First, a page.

Performance of the Year
Dmitry Bivol UD 12 Canelo Alvarez
Photo above by Ed Mulholland/Matchroom
Earlier in his career, Dmitry Bivol was heavily marketed by HBO Boxing as an emerging star. With dominant performances over Sullivan Barrera, Isaac Chilemba and Jean Pascal, Bivol was viewed by many as the heir apparent in the light heavyweight division. But in boxing, narratives can change quickly. In March of 2019, Bivol was cracked late in his fight against Joe Smith. Although Bivol won that bout wide on the cards, he took almost a round to recover from being hurt, a potentially concerning sign. Furthermore, from 2019 to 2021, Bivol was out of the ring for almost 17 months, and when he returned, he won a closer-than-expected decision over the unheralded Craig Richards. Bivol’s performance didn’t match his past quality. He lacked the sharpness and gas tank to match his earlier efforts.
When a fight was announced for Bivol to defend his title against Saul “Canelo” Alvarez in May, there were many who doubted whether Bivol still possessed the elite skills and physicality needed to succeed at the highest level of the sport. And although Canelo would be moving up from super middleweight for the fight, he had knocked out light heavyweight titleholder Sergey Kovalev in November 2019 and had just completed a dominating run at super middleweight to become undisputed champion of the 168-pound weight class. All of this preamble is important because in boxing, context is everything. Bivol entered the fight with Alvarez as the significant underdog, and perhaps deservedly so, based on recent performances.
However, boxing is played out as a contest between two specific fighters in the ring on a given night, not on paper and not necessarily as a continuation of what has transpired in the past. And on this night in May, Bivol left no doubt about his supremacy over Canelo. In a genuine star-making performance, Bivol comprehensively outboxed his opponent, winning the fight at every range and neutralizing Canelo’s offensive output.
Even those who favored Canelo in the matchup conceded that Bivol’s speed and reflexes might give Alvarez problems in the early rounds, and that proved to be the case. Bivol used range expertly at the outset in the fight, taking away Canelo’s jab and his ability to land combinations. On offense, Bivol led with jabs and quick two-punch combinations. In addition, Bivol countered Alvarez with incisive left hooks and jabs. Canelo’s punch output in the early rounds was a trickle, and while that may not have been surprising, he wasn’t able to get much work done.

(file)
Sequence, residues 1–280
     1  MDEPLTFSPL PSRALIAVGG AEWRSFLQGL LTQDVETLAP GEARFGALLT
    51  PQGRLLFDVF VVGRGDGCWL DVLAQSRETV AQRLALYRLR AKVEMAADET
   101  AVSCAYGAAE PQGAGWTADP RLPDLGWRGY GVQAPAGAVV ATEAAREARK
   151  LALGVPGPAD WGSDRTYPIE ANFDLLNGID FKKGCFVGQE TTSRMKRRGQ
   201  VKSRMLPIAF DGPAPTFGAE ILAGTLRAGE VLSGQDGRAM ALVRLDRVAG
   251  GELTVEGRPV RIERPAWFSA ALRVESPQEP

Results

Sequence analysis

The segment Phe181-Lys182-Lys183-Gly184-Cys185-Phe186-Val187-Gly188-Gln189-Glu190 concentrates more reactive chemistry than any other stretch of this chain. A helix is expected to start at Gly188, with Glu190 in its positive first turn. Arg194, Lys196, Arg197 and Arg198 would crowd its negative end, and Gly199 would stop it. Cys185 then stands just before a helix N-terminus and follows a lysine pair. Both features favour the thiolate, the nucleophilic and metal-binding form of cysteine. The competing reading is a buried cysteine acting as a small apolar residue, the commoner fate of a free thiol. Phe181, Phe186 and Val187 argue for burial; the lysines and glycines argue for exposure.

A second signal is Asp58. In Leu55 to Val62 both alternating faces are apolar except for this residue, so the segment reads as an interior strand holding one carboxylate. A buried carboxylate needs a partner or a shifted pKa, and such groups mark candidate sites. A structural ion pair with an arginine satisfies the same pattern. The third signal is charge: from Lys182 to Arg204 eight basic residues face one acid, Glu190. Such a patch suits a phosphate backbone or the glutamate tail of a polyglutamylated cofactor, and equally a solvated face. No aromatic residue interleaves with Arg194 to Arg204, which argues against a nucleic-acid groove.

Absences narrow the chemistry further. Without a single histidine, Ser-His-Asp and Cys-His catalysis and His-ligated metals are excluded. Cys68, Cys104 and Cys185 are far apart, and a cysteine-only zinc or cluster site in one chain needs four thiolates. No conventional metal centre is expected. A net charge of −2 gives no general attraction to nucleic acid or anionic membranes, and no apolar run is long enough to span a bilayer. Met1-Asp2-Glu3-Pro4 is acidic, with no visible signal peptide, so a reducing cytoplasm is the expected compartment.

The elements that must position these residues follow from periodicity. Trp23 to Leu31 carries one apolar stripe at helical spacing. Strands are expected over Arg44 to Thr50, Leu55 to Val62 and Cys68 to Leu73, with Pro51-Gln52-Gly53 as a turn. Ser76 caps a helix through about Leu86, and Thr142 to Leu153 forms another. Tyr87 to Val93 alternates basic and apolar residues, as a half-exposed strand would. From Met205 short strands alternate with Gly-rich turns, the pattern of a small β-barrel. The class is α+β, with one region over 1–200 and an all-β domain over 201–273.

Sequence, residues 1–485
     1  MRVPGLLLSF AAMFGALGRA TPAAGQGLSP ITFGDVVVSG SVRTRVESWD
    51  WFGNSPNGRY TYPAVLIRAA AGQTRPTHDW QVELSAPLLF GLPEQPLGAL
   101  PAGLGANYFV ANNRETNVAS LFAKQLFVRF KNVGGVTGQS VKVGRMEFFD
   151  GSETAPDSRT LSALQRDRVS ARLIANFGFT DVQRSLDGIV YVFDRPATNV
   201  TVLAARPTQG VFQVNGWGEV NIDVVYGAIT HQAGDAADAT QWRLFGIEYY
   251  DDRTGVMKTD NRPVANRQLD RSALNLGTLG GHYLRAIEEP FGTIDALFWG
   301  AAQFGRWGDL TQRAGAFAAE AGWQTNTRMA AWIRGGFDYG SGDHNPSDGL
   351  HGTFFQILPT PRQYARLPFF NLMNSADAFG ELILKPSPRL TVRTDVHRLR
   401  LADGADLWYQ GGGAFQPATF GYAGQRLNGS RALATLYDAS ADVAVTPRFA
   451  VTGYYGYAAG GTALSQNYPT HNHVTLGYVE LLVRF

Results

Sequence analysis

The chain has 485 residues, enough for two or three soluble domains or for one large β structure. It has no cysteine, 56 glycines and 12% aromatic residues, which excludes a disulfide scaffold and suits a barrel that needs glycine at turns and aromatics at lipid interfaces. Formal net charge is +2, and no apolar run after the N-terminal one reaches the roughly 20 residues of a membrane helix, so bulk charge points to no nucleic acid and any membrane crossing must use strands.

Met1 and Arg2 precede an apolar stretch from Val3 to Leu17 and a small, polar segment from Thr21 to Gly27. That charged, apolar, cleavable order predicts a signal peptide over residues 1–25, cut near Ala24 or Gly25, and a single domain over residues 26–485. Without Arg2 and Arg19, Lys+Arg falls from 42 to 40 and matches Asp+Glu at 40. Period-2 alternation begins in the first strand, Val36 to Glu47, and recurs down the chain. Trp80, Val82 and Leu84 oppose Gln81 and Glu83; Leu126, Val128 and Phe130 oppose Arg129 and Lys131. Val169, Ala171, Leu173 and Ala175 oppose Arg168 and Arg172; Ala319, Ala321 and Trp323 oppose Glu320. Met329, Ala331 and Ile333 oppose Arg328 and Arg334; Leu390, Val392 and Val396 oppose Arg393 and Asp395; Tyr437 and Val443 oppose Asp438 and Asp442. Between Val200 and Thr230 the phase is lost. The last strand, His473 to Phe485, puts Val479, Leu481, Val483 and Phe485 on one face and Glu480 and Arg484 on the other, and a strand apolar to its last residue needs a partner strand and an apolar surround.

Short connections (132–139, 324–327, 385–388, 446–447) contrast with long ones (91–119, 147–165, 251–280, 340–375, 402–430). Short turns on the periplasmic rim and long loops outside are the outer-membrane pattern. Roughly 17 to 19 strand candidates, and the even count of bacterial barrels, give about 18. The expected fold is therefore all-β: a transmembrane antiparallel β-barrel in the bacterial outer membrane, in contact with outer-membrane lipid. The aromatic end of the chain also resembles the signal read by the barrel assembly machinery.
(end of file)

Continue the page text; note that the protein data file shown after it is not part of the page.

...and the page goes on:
Bivol faced his first real test of the fight at the end of the fourth round when Alvarez landed a pulverizing right uppercut with Bivol against the ropes. To the surprise of many, Bivol took the shot without any issues, and after that moment the calculus of the fight changed, because if Canelo couldn’t hurt Bivol, then his path to winning the fight would diminish; he certainly was having trouble banking rounds.
Bivol’s dominance in the center of the ring was the prevailing theme throughout the fight, but his performance included far more facets than that. Alvarez shifted tactics in the middle rounds, going to the ropes in hopes of picking Bivol off coming in to engage. But Bivol routinely bested Alvarez at that range too, beating him with volume and punch placement yet refusing to get dragged into a war.
As the fight progressed into the final third of the fight, Bivol demonstrated further wrinkles in his game. Although he dominated Alvarez when he was boxing on the back foot, he also found opportunistic moments to charge forward with quick combinations, and Canelo couldn’t match his hand speed or counter effectively. Bivol could do seemingly whatever he wanted in the ring, and he made one of the best fighters in the sport look plodding and predictable.
Canelo did start the final round aggressively, using a rare two-handed attack. He landed a ferocious left hook in the opening moments and scored with a number of power punches. But ultimately, the story played out the same. Canelo was left hoping that one of his big shots could end the fight, but he didn’t land enough of them or put them together effectively to trouble Bivol in a meaningful way.
Bivol wound up winning the fight by closer-than-expected margins of 115-113 on all three judges’ cards, but I think everyone who watched the fight believed that the scores should have been far wider and that Canelo received some overly generous support from the officials. Nine rounds to three in favor of Bivol seemed to be closer to reality. And while Bivol did take a couple of hellacious power punches during the fight (enough to give Alvarez a few rounds), his expert boxing was more than enough to carry the day.
Later in 2022, Bivol turned in another masterful performance in dismantling undefeated former super middleweight champion Gilberto Ramirez. Overall, Bivol demonstrated in his two fights in 2022 that he is one of the top fighters in the sport. But as comprehensive as his victory over Ramirez was, it was his dominance over Canelo that changed his status in the sport. Handing Canelo the second loss of his illustrious career, Bivol put down a marker. Canelo might have had the big name, the popularity with judges and the flashy power shots, but they wouldn’t be enough. Not for Bivol.
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Adam Abramowitz is the founder and head writer for Saturday Night Boxing and a member of the Ring Ratings Panel and the Transnational Boxing Rankings Board. He can be contacted at [email protected]